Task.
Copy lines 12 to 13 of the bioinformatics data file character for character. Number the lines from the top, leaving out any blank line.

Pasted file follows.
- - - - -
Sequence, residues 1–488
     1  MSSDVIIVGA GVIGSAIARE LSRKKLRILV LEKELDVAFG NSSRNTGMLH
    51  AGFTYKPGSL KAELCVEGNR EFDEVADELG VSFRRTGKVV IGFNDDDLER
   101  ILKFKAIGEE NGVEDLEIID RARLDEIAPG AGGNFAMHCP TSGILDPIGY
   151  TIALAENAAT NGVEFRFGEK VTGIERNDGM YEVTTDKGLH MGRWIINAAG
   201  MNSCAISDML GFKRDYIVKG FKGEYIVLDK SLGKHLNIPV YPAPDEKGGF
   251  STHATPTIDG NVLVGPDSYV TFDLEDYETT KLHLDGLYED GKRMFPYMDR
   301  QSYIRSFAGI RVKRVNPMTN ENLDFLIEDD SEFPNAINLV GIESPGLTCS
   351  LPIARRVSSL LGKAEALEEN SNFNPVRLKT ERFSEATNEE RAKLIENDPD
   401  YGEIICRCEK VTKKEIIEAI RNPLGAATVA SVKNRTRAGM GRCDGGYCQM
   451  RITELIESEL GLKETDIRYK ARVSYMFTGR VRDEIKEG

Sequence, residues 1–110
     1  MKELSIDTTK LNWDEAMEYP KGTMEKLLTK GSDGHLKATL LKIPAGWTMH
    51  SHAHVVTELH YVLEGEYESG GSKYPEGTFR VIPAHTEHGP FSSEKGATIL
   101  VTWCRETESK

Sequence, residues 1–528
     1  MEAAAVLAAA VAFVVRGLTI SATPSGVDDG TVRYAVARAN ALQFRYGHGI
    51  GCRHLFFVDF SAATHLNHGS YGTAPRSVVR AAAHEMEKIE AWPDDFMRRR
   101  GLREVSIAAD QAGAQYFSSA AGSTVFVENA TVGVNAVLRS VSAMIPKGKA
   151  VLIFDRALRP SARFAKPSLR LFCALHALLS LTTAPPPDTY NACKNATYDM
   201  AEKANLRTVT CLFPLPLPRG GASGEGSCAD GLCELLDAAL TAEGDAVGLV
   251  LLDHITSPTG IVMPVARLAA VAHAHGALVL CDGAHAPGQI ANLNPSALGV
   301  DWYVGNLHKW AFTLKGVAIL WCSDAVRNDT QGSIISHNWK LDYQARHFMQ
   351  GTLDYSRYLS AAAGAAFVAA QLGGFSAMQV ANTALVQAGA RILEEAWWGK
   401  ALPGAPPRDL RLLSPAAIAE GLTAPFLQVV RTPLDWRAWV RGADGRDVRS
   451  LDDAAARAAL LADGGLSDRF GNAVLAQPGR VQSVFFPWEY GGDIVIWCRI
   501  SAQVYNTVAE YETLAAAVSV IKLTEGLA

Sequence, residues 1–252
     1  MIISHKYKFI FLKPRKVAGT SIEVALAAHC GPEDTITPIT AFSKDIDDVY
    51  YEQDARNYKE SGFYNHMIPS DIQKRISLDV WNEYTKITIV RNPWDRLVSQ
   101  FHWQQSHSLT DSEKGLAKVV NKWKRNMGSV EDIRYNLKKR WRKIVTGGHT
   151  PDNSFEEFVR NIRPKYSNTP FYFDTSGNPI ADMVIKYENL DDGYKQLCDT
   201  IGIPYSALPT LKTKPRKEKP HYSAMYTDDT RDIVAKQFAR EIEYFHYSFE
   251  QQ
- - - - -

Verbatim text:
Sequence, residues 1–110
     1  MKELSIDTTK LNWDEAMEYP KGTMEKLLTK GSDGHLKATL LKIPAGWTMH